A Cal Poly SLO HotHouse participant is taking the nonprofit Cal Poly Corp. to small claims court, suing for what he claims is his half of $10,000 in seed money.
Leonel “Leo” S. Farias filed the small claims suit on Oct. 30, naming the Center for Innovation and Entrepreneurship and Cal Poly Corp. as defendants.
Farias, an agricultural education student, was part of a trio working on “LocalzOwn,” a platform designed to be “the smartest and easiest way to source and sell local artisan food products,” according to a Cal Poly news release last summer. Collaborating with Farias were biomedical engineering student Joseph “Joey” Lyman and computer engineering student Michael Fekadu.
Fekadu dropped out of the project for undisclosed reasons, leaving Farias and Lyman to finish it, according to the claim.
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Farias said he couldn’t discuss “why we ended up with two, but we ended up with two,” he said.
Farias said he wants to split the $10,000 award evenly with Lyman, but the CIE refused to do so. He said he filed the suit in small claims court after multiple attempts at mediation. Lyman is not included in the lawsuit and could not be reached for comment.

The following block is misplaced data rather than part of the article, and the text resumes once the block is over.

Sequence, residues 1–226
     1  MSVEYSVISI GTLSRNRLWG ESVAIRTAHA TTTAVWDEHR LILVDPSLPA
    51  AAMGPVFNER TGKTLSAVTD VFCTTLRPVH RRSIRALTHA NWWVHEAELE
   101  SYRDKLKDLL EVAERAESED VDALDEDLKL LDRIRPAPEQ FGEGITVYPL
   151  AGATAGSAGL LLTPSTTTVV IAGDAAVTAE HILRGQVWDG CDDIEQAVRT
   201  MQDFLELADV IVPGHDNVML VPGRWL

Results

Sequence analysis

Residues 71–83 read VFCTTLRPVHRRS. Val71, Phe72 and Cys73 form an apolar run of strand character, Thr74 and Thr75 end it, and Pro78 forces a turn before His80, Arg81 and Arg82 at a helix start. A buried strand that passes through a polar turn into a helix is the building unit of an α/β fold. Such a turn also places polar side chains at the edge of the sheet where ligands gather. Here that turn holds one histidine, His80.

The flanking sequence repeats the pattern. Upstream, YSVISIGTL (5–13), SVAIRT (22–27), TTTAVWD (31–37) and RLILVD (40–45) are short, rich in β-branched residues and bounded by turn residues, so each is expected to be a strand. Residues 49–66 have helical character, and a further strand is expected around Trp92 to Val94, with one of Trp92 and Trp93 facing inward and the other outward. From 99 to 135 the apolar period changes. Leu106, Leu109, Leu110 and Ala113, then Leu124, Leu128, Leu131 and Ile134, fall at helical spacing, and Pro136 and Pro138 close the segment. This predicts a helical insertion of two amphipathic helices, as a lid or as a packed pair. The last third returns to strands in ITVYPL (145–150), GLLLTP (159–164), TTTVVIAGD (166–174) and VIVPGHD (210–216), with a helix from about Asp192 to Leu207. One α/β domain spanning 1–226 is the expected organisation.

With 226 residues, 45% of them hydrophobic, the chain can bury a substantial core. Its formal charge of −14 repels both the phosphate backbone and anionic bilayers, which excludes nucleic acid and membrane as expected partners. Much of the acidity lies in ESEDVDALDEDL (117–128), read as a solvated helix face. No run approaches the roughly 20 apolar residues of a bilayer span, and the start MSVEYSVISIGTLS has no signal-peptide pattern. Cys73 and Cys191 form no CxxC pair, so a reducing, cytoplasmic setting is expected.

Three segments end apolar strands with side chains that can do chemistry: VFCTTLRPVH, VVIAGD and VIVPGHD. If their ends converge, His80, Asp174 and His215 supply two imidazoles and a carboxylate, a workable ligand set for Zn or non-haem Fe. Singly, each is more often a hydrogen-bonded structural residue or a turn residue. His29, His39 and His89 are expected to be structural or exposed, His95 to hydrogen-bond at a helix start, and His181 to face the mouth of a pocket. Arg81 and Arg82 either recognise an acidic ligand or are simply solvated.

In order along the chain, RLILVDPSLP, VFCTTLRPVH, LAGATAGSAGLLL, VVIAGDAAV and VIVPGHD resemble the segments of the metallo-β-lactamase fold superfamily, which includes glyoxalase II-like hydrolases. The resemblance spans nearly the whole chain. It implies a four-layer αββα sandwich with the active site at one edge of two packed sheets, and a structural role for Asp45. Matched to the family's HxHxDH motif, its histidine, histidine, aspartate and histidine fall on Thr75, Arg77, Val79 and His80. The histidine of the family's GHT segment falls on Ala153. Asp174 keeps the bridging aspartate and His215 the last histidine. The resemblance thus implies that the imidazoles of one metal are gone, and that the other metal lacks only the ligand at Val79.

“I didn’t want to go through this, but I’m hoping something good will come through this,” Farias said, adding that he wanted to see safeguards put in place to protect HotHouse participants from circumstances like his in the future.
According to a copy of the HotHouse Accelerator Membership Agreement, each HotHouse team receives a $10,000 investment, paid in two equal installments “throughout the summer.” However, the money is paid “only as long as the agreement is in effect at the time of payment for that accelerator team and that team is in compliance with this agreement.”
The money is classified as “non-employee compensation” for tax purposes.
It’s unclear whether any of the money was paid out or how the CIE adjusted the original agreement based on the dropped team member.
Tod Nelson, CIE executive director, declined to comment on the lawsuit, referring the matter to Cal Poly spokesman Matt Lazier.
“The CIE leaves it to the individual teams to decide how the funding gets dispersed among their members,” Lazier said.